California Bar Exam Tip: What to do while waiting for bar results

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Hello All,

With the July 2012 bar exam results just around the corner, many of you who are waiting are wondering whether you should study while waiting for results, and, if so, what you should study.

For guidance as to whether you should study, see my prior post here.

If you have decided that you feel the need to study during the coming weeks leading up to the bar exam, here is what I recommend:

1. Take one or two topics and simply begin conducting a light substantive review of those topics. I recommend starting with a favorite topic – something that comes easily to you.

2. If you have decided to begin studying now, keep in mind that the point of studying now, is to provide yourself with a form of insurance, should you find yourself needing to take the bar exam again. Should you find out on the 16th that you did not pass the bar exam, then you will be ahead of the game because you have already begun some studying. And, if you do pass, then you really won’t care that you gave up a few hours here and there in the weeks leading up to results. The point is not to create anxiety, but instead to alleviate anxiety. So, the goal isn’t to study for hours and hours each week leading up to the 16th. Instead, simply take on one or two subjects. Spend an hour tomorrow morning (Saturday) simply reviewing one subject. Use it as an opportunity to shake off some cobwebs and then move onto the rest of your day. Do the same thing on Sunday morning and you will have put in two hours of study this weekend.

3. If you really have a definite feeling about your performance on the last bar exam – you are just certain that you did not pass – then  I would suggest completing MBEs. I do not recommend that you conduct an extensive substantive review prior to completing MBEs. Instead, start with Torts and complete one MBE at a time – pick the best answer choice and then immediately check the explanation to see if you were correct or not. Initially you will likely miss more questions now than you were missing right before the exam. However, most of the students that I work with who are repeating the bar exam are able to get right back to the scores they were getting in practice the week before the last bar exam, by simply doing practice MBEs for about 10 to 14 days. Be sure to use MBE sources you have already used previously – this way you will be able to compare your practice scores now to where you were in practice the days leading up to the bar exam.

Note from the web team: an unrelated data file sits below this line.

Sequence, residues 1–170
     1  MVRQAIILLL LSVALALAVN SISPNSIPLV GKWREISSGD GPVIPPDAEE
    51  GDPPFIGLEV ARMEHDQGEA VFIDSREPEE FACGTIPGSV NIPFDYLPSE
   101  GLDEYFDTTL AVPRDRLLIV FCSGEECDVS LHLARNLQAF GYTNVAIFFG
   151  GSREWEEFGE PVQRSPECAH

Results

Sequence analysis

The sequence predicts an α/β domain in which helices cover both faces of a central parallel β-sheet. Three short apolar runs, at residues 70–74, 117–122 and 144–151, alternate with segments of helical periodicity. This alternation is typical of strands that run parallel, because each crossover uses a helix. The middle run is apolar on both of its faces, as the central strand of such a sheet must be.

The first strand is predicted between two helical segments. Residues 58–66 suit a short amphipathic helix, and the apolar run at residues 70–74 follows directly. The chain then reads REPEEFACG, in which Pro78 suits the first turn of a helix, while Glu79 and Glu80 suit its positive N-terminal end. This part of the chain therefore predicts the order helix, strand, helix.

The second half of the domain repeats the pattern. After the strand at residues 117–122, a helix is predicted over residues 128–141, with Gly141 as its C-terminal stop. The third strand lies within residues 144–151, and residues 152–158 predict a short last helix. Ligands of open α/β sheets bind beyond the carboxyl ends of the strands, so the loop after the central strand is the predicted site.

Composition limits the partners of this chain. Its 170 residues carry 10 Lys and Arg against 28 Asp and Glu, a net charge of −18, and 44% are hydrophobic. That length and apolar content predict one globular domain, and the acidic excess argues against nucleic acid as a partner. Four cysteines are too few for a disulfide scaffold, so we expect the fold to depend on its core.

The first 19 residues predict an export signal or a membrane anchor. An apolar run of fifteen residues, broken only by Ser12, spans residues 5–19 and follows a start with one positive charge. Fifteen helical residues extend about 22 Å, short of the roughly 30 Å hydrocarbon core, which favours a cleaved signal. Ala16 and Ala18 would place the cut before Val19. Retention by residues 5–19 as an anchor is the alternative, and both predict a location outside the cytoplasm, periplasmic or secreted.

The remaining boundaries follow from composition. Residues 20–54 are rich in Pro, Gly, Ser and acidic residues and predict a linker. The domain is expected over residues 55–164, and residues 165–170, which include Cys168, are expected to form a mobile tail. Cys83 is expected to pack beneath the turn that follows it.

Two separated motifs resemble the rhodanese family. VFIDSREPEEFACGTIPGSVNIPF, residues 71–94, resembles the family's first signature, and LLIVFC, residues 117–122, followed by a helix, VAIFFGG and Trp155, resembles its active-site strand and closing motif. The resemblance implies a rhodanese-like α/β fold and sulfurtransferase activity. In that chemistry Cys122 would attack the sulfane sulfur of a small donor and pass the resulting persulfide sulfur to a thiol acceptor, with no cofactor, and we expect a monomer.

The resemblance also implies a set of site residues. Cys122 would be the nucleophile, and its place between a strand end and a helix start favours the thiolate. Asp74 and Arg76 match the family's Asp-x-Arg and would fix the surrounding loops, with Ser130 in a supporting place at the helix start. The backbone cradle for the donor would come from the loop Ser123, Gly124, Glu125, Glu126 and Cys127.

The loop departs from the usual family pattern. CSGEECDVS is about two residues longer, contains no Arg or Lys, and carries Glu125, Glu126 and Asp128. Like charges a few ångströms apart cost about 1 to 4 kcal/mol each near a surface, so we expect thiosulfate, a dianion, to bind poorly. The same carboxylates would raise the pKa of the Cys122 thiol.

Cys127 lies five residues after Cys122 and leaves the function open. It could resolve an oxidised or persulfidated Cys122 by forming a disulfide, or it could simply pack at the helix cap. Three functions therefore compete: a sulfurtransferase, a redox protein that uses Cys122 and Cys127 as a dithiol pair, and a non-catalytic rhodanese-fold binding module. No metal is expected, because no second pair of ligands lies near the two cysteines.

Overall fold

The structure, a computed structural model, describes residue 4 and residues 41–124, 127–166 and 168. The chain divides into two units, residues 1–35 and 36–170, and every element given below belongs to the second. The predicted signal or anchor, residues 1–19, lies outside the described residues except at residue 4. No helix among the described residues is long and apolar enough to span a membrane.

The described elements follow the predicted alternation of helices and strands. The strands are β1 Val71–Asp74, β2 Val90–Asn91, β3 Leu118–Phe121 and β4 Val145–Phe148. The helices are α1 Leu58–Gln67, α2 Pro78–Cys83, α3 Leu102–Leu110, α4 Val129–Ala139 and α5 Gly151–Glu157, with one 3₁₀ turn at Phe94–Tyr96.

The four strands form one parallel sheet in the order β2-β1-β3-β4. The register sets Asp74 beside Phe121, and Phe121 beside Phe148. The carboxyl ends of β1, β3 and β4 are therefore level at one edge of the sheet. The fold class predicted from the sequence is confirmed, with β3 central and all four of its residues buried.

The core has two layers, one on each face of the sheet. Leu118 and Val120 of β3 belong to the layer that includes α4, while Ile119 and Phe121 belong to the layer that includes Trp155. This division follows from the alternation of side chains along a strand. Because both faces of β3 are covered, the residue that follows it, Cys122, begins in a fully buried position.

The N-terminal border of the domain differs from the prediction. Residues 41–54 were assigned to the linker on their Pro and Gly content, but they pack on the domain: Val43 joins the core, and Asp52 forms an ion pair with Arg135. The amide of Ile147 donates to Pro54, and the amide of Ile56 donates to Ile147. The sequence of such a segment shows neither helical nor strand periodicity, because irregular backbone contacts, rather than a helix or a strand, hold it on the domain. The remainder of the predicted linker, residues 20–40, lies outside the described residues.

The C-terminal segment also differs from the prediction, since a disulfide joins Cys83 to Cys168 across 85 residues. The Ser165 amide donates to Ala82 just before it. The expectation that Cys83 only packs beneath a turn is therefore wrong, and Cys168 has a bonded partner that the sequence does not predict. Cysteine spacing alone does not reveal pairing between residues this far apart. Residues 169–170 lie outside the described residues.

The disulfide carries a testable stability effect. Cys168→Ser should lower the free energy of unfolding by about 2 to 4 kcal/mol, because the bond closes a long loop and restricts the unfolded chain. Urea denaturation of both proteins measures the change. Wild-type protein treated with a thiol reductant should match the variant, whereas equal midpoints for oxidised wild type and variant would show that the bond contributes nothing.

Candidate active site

4. Try to make it a game. When you are completing practice MBEs tell yourself you are going to pick the correct answer and then really focus on the fact pattern, carefully read the call of the question and focus on picking the best answer. Be sure to remain positive. Again, the point of studying now is to alleviate stress not increase stress. Much of this will simply come from your attitude about beginning your studies.

Remember to do the MBEs one at a time to get the correction value – it will cause your scores to go up more quickly than doing 30 or 50 at a time AND it is less painful to do one at a time (sitting and tackling 50 MBEs in one session is pretty tough after a long break from studies and a likely lack of familiarity with the questions). Remember also that your MBE scores will usually go back up to where you were right before the exam with or without substantive review – the students I work with who are repeaters generally have their percentages back to where they were right before the exam simply by doing and correcting the MBEs.